Cornwall is a jut of land on the southwest corner of the island of Great Britain, bordered in the east by the Tamar River at Plymouth. It possesses a microclimate which allows subtropical plants like palms and succulents to survive outdoors year-round, and is generally very lush and green and a little bit exotic-feeling. It's a large enough area that we determined early in our planning that we wouldn't be able to go all over Cornwall in just three days, so we confined ourselves to the westernmost part of the area, the West Penwith peninsula.
We took the train from London to Penzance, a town that is far more picturesque than Google Earth would suggest. Our B&B hosts were a delightful couple with two small children and a terrific stone row house in the western bit of town, which was still only a 15-minute stroll from the centre. (Not many big towns in Cornwall.) We explored the town and its hilly streets and extensive waterfront promenade on our first afternoon, wandering through the gorgeous Morrab Gardens which reminded me of the Jardim Botanico in Rio, on a much smaller scale.
That evening we dined at the Turk's Head, Penzance's oldest pub whose kitchen is currently manned by a UK MasterChef winner. We arrived just before dinner service began and enjoyed a pint of cider while we waited. In the end, the fish and chips seemed like the right thing to do, and I don't regret a thing. A lovely piece of cod in beer batter, some better-than-average English chips, and a pile of minty but not mushy peas alongside "proper tartar sauce" (as the menu put it) slaked my hunger perfectly.
That's actually the "full veggie" with vegetarian sausage (Linda MacCartney's brand, if you don't mind, and they were terrific), poached eggs, fried tomato and mushrooms, and baked beans. A proper pot of tea and some toast sealed the deal, and off we went to attempt driving on the left side for the first time.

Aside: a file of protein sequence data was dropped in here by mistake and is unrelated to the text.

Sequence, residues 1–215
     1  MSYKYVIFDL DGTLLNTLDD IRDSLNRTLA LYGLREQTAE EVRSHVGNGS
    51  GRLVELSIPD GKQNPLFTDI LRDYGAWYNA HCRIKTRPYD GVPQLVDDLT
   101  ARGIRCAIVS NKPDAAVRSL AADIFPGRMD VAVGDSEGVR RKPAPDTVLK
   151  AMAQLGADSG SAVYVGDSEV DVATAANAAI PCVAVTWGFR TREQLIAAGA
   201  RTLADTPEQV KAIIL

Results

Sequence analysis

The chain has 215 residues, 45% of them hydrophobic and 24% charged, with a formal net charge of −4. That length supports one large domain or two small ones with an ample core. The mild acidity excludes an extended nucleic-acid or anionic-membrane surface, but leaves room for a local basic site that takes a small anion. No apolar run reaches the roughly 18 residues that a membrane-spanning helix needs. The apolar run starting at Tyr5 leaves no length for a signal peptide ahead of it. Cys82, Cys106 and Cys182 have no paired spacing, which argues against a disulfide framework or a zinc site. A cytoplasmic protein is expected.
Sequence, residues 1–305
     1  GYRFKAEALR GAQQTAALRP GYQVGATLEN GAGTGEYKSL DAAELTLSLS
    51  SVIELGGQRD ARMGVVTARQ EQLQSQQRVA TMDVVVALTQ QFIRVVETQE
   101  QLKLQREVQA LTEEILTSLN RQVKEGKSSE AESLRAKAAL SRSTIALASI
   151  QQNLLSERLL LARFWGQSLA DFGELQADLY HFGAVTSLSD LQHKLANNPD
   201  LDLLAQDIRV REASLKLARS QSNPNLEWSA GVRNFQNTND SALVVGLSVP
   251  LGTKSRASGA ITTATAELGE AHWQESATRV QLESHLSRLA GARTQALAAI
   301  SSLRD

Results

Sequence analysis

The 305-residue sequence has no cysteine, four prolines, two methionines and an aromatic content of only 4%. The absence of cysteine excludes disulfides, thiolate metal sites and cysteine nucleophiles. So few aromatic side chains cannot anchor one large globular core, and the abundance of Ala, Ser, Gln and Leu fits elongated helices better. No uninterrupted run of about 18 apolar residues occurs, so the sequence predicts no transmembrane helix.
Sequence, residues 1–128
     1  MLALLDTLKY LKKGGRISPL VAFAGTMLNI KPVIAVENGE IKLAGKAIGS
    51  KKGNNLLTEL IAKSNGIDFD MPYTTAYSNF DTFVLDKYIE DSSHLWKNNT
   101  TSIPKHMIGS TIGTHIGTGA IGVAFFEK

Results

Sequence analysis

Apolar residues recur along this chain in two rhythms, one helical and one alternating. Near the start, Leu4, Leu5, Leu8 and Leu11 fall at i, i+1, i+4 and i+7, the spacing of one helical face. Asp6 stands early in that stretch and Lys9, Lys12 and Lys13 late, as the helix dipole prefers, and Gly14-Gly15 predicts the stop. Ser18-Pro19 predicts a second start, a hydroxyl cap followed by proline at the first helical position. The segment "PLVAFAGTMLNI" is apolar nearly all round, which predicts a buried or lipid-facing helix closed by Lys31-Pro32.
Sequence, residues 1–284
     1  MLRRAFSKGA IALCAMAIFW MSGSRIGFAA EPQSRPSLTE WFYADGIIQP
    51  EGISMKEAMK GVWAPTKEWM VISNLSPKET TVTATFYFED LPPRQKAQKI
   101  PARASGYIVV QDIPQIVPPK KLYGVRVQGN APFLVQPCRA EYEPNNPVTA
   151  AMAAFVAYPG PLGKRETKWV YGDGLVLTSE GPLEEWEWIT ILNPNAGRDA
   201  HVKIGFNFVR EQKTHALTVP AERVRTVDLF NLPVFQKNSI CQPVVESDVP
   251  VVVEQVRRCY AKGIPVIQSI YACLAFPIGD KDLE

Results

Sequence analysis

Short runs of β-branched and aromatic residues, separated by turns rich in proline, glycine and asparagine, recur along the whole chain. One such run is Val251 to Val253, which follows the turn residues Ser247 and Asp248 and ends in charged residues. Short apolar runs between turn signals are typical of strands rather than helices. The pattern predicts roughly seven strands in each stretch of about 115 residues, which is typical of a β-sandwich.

THAT was an adventure. The secondary roads in Cornwall are twisty as hell, about 1.5 cars wide, and frequently bordered by high hedges, leading to terrifying encounters around just about every turn. Somehow we made it out to the edge of Porthcurno, on the south side of the peninsula, to check out the spectacular Minack Theatre, carved from a cliff by one incredibly determined woman and her gardener:
After that, on to the Porthcurno Telegraph Museum, which we both enjoyed. Porthcurno was once the central hub of telegraph communications in Europe, boasting 14 cables emerging from the nearby sea to a hub just up the beach. Now it's mostly for show, but the history is fascinating, especially the tunnel bunkers dug to protect the equipment and its communications potential during WWII.
Their cafe also does a very fine Cornish pasty, a sort of turnover filled with beef, potato, and turnip. It was invented as a hearty and portable lunch for tin miners in the area - their wives would bake them a pasty and send it down the shaft with them, where they could hold it by the crimped edge so as not to contaminate their food, and then toss the crust when finished. We ate our crusts.
Dinner that evening, which went unphotographed because it was too dark by then, was at the lovely Porthminster Beach Cafe in St. Ives, perched above the beach with a lovely view of the sea and the lighthouse nearby. We watched the sunset as we enjoyed monkfish curry, roasted tomato and eggplant soup, and some tasty but unfortunately exceedingly bony whole grilled mackerel. It was a tasty meal, but I found the service lacklustre and a bit standoffish. The view was worth the hair-raising drive over there from Penzance though.